Since I have ever only seen Sicily in the summer and autumn, I never think of it as a particularly green place - to me, Sicily is mainly brown and yellow. I like the idea of a green Sicily, actually!Delete
Being part of an organized religion, but not Roman Catholic, i would also be interested in traveling a path sojourned by so many before me. It's nice that you have a new area to explore waiting in June.ReplyDelete
Yes, I am looking forward to that!Delete
The trees do look wonderful at this time of the year.ReplyDelete
They do, don't they. The leaves on them still look so new and fresh.Delete
Your walks always impress me and this one is no exception. The one thing that stands out for me in all of them is the natural beauty of the clean and well-kept paths you take. Nothing like it them in the US that I've ever seen and I can't imagine walking off into the woods alone and unarmed!ReplyDelete
The further away from people, the cleaner it gets (logically). I never understand how people can just drop whatever they have been drinking or eating and leave the cans or wrappers around. They were very well able to carry it while it was full and heavy, so they should be able to carry it empty until the next bin even better.Delete
I would love to travel along part of El Camino de Santiago. I have read a couple of books about pilgrims who went along it. I thoroughly enjoy pilgrim trails in England and Wales and thinking back to what it must have been like for those early travellers.ReplyDelete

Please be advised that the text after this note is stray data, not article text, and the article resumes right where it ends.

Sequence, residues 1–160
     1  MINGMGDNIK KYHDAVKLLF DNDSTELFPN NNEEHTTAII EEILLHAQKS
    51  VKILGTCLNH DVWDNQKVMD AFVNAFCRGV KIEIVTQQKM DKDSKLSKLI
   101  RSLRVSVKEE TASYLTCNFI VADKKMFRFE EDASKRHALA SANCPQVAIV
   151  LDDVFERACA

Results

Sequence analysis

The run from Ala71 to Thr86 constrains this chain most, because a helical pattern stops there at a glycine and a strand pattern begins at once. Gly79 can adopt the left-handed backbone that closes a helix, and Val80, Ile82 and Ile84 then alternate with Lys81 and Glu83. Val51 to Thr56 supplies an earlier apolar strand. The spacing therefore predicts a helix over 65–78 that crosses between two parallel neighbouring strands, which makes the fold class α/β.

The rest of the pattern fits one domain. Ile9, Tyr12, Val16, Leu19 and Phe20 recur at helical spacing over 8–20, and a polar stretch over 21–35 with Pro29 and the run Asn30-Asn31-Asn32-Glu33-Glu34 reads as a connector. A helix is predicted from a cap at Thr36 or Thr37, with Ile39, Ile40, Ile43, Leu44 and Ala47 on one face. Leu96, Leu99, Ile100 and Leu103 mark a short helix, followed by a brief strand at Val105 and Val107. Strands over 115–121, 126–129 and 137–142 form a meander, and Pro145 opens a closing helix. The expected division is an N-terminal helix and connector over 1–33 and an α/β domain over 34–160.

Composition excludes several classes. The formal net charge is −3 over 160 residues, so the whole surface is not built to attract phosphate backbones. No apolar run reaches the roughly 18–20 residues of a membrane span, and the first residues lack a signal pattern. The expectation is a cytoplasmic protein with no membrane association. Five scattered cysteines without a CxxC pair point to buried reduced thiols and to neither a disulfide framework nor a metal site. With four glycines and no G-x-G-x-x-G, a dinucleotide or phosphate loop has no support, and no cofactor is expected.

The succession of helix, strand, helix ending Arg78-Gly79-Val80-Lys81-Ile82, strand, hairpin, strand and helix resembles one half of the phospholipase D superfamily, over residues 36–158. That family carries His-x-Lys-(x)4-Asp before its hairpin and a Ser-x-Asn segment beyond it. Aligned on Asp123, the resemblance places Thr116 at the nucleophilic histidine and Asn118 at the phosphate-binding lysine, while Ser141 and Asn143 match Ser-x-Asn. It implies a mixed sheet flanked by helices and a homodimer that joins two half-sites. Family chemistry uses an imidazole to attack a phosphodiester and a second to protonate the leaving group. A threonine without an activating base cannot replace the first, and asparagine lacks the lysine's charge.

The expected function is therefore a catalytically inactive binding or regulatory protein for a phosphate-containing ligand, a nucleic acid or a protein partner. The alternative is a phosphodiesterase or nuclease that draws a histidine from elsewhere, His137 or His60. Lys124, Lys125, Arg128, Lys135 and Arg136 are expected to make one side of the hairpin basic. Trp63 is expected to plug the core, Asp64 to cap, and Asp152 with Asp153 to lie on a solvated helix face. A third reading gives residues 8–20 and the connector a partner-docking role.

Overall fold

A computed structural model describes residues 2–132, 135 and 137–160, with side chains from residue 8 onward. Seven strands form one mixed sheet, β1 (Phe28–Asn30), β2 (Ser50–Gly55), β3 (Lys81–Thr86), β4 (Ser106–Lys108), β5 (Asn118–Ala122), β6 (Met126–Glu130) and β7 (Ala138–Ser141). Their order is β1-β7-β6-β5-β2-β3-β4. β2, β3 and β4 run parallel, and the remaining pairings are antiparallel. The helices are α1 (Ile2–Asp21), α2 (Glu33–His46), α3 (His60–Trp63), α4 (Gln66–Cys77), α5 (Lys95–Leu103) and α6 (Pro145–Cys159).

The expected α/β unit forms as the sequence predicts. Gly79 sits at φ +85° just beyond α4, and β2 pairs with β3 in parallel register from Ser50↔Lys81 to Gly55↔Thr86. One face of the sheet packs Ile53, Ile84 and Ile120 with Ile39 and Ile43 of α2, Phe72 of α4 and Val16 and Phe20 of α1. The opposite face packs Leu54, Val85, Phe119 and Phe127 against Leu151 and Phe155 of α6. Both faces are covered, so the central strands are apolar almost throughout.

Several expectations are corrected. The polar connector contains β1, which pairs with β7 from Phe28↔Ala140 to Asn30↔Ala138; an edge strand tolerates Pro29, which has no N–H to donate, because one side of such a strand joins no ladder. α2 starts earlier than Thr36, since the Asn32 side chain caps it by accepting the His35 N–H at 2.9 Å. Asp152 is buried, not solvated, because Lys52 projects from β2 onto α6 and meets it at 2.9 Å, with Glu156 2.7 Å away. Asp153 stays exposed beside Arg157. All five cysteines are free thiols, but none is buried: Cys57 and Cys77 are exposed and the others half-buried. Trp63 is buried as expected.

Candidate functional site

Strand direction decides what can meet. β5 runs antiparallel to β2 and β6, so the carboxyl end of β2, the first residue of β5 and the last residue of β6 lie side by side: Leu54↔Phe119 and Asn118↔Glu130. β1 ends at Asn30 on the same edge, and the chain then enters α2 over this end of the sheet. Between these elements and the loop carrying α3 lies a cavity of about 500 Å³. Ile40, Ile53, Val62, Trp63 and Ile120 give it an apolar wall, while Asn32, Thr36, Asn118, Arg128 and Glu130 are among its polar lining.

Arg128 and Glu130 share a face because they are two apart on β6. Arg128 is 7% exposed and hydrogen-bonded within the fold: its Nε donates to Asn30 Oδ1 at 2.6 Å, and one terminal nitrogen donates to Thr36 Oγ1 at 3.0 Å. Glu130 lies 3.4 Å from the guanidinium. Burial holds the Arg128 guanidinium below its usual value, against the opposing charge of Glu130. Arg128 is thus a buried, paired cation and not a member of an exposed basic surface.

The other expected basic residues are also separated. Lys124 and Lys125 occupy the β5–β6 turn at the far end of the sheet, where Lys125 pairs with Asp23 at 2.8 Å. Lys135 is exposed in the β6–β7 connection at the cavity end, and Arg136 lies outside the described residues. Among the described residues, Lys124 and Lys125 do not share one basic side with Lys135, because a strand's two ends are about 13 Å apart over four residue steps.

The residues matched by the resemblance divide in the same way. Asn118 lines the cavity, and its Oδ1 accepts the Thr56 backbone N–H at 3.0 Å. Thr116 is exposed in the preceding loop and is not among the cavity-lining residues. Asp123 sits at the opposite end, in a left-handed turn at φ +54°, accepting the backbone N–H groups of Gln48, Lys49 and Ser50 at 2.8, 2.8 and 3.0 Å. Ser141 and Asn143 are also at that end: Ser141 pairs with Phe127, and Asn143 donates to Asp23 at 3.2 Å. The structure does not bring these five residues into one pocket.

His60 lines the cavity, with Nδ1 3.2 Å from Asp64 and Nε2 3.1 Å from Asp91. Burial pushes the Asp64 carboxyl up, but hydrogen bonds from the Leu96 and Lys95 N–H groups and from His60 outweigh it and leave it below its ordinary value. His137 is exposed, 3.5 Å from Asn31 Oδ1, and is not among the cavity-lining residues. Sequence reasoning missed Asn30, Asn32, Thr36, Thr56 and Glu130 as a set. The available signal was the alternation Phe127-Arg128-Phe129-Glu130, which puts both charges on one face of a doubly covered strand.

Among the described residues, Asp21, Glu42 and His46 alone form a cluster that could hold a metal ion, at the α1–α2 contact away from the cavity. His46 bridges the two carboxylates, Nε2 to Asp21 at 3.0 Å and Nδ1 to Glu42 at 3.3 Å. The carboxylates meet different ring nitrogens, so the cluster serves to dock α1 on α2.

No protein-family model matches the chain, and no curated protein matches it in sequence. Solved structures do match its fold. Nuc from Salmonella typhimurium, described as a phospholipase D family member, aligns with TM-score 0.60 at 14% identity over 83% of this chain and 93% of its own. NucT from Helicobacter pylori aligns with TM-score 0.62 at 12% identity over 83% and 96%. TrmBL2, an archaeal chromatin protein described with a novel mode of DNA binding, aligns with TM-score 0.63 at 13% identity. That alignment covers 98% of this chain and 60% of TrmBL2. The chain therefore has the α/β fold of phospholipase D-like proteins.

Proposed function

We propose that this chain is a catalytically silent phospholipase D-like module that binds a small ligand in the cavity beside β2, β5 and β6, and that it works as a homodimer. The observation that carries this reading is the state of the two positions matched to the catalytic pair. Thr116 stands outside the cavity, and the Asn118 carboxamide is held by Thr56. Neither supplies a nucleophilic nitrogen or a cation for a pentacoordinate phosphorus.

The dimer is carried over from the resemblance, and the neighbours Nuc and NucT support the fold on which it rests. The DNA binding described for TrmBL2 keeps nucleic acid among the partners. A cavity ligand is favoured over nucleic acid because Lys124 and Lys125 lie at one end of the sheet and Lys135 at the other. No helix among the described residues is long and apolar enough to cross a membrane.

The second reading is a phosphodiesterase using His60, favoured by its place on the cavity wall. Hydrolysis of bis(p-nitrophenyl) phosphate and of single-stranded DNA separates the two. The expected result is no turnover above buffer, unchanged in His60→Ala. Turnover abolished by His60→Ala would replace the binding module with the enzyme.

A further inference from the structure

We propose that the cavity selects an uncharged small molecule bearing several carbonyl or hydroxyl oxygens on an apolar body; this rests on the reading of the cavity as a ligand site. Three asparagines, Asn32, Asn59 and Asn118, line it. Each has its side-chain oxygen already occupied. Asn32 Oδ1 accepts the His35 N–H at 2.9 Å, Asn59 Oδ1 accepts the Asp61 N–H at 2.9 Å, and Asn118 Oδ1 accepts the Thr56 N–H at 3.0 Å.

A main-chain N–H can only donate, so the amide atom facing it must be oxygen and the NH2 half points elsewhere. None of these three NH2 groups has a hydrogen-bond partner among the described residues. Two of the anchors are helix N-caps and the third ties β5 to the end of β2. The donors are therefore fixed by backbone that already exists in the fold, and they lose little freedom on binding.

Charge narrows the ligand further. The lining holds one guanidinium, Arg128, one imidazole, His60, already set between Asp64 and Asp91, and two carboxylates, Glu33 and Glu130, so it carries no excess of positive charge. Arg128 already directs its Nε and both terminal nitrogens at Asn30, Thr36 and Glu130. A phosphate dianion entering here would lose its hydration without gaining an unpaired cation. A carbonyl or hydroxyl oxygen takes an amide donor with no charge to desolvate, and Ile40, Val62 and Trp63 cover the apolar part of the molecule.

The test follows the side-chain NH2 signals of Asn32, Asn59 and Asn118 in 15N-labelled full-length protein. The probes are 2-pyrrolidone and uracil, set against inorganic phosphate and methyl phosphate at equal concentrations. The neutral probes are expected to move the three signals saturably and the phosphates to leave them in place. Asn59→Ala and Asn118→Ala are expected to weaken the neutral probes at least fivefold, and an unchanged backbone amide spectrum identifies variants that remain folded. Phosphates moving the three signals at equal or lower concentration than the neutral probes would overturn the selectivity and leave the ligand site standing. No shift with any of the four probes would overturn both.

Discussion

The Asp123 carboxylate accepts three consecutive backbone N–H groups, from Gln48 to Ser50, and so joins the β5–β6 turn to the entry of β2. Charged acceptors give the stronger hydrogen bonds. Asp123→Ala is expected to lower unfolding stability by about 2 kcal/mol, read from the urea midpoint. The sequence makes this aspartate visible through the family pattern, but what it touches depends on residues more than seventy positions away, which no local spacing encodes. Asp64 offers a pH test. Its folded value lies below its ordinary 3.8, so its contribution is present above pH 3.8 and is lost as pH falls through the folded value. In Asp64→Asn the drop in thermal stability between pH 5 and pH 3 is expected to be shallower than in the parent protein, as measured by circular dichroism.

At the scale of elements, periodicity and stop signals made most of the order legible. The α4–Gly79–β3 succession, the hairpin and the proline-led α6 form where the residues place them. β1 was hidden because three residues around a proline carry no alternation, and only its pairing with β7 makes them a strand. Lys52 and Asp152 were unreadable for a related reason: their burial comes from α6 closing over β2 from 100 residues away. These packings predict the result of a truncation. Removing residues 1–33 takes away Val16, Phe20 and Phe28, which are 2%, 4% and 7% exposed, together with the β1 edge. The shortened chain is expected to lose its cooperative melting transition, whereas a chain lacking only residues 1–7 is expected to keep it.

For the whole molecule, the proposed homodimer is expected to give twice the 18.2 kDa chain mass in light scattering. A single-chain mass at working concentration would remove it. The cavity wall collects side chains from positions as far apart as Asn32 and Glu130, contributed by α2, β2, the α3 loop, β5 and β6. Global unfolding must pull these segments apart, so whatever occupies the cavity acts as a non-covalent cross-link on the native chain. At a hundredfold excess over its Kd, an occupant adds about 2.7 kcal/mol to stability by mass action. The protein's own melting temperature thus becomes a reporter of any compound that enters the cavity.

This was my very first time of (consciously) coming across any pilgrim trail myself. The Jakobsweg is quite popular with celebrities here in Germany, which has put me off it a bit - there were a couple of years when you simply HAD to walk part of it in order to be in favour with the general public. Some of my friends and acquaintances have been walking parts of it, too, and I know they have not done it for any glamour of sorts.Delete
I recognised that shell. I bought a similar souvenir one when I visited Santiago di Compostela. I was most interested in your style of walking - just going out and following your nose - kind of "free walking" - whereas I nearly always walk with the aid of a map. Perhaps your dreams will come true when you reach that village at the end of June.ReplyDelete
The only times I want a map is when I walk in an unknown area and have a goal; for instance, the very first time I walked from Littlethorpe to Fountains Abbey I needed to look at the map every now and then. Otherwise, if I do not "have to" get from A to B, but just want to go on a walk from A and back to A, I really just follow my nose.Delete
Thank you for sharing that pretty walk. I enjoyed it and especially loved seeing the lambs and the rapeseed field, just beautiful!ReplyDelete
Thank you, Dorothy! I wish I could have taken a better picture of the sheep. They were quite far away, and I used maximum zoom on my cheap little camera.Delete